Given the way terminology in music history has evolved, such music created from the Baroque period on is described as contrapuntal, while music from before Baroque times is called polyphonic. Hence, earlier composers such as Guillaume de Machaut and Josquin des Prez are said to have written polyphonic music.
Homophony, by contrast with polyphony, features music in which chords or vertical intervals work with a single melody without much consideration of the melodic character of the added accompanying elements, or of their melodic interactions with the melody they accompany. As suggested above, most popular music written today is predominantly homophonic, its composition governed mainly by considerations of chord and harmony; but, while general tendencies can often be fairly strong one way or another, rather than describing a musical work in absolute terms as either polyphonic or homophonic, it is a question of degree.
The form or compositional genre known as fugue is perhaps the most complex contrapuntal convention. Other examples include the round (familiar in folk traditions) and the canon.
In musical composition, contrapuntal techniques are important for enabling composers to generate musical ironies that serve not only to intrigue listeners into listening more intently to the spinning out of complexities found within the texture of a polyphonic composition, but also to draw them all the more into hearing the working out of these figures and interactions of musical dialogue. A melodic fragment, heard alone, makes a particular impression; but when the fragment is heard simultaneously with other melodic ideas, or combined in unexpected ways with itself (as in a canon or fugue), greater depths of affective meaning are revealed. Through development of a musical idea, the fragments undergo a working out into something musically greater than the sum of the parts, something conceptually more profound than a single pleasing melody.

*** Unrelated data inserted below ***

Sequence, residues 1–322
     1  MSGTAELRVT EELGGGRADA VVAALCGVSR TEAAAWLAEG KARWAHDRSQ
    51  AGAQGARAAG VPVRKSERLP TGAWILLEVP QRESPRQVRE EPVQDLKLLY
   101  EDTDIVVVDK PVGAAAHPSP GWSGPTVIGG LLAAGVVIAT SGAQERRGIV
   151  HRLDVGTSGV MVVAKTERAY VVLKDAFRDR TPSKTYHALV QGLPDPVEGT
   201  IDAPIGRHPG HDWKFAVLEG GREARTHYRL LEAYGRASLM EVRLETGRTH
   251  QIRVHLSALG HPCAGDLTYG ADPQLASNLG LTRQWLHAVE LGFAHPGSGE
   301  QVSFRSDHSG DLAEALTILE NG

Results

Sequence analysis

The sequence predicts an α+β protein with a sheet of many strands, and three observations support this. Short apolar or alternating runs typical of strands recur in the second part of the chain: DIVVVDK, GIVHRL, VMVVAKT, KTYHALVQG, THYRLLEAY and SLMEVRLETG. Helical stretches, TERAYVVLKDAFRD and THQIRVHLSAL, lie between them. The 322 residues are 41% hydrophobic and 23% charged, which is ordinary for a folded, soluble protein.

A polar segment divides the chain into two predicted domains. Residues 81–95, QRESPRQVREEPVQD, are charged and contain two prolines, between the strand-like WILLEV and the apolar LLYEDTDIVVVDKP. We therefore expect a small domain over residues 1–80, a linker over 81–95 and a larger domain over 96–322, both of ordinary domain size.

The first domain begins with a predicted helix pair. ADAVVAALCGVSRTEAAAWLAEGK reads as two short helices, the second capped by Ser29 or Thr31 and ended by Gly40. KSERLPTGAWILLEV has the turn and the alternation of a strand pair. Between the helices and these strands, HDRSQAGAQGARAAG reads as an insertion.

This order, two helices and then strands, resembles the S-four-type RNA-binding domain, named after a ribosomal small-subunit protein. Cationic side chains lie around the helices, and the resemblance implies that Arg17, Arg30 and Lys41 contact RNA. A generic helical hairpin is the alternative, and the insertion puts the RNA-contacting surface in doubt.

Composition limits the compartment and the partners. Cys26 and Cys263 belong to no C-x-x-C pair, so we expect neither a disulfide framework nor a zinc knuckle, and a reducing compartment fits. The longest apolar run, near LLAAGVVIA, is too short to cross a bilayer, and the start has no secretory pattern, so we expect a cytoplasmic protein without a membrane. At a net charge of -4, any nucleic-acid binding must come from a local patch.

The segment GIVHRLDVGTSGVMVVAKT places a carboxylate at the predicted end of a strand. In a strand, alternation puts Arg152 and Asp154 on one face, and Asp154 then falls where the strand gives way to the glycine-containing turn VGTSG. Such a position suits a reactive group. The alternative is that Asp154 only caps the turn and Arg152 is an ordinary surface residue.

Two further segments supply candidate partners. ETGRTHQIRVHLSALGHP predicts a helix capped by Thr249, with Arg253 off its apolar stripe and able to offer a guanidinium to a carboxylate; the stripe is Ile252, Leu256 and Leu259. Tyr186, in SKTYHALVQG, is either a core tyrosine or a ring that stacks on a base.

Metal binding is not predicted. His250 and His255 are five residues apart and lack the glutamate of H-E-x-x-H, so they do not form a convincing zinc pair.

Species counterpoint is a type of so-called strict counterpoint, developed as a pedagogical tool, in which a student progresses through several "species" of increasing complexity, always working with a very plain given part in the cantus firmus (Latin for "fixed melody"). The student gradually attains the ability to write free counterpoint (that is, less rigorously constrained counterpoint, usually without a cantus firmus) according to the rules at the given time. The idea is at least as old as 1532, when Giovanni Maria Lanfranco described a similar concept in his Scintille di musica (Brescia, 1533). The late 16th century Venetian theorist Zarlino elaborated on the idea in his influential Le institutioni harmoniche, and it was first presented in a codified form in 1619 by Lodovico Zacconi in his Prattica di musica. Zacconi, unlike later theorists, included a few extra contrapuntal techniques as species, for example invertible counterpoint.